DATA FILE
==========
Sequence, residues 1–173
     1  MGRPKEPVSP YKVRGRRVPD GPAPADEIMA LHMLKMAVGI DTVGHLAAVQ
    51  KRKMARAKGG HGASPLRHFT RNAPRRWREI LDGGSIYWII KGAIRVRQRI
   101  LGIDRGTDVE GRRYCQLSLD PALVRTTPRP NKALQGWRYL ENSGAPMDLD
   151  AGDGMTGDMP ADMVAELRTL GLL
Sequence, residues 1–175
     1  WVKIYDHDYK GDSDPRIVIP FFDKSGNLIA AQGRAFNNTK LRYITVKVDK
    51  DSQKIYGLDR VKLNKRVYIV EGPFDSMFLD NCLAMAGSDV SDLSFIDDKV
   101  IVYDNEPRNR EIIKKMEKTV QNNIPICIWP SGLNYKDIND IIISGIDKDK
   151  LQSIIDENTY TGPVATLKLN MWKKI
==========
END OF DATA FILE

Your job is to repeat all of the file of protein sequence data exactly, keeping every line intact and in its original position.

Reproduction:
Sequence, residues 1–173
     1  MGRPKEPVSP YKVRGRRVPD GPAPADEIMA LHMLKMAVGI DTVGHLAAVQ
    51  KRKMARAKGG HGASPLRHFT RNAPRRWREI LDGGSIYWII KGAIRVRQRI
   101  LGIDRGTDVE GRRYCQLSLD PALVRTTPRP NKALQGWRYL ENSGAPMDLD
   151  AGDGMTGDMP ADMVAELRTL GLL
Sequence, residues 1–175
     1  WVKIYDHDYK GDSDPRIVIP FFDKSGNLIA AQGRAFNNTK LRYITVKVDK
    51  DSQKIYGLDR VKLNKRVYIV EGPFDSMFLD NCLAMAGSDV SDLSFIDDKV
   101  IVYDNEPRNR EIIKKMEKTV QNNIPICIWP SGLNYKDIND IIISGIDKDK
   151  LQSIIDENTY TGPVATLKLN MWKKI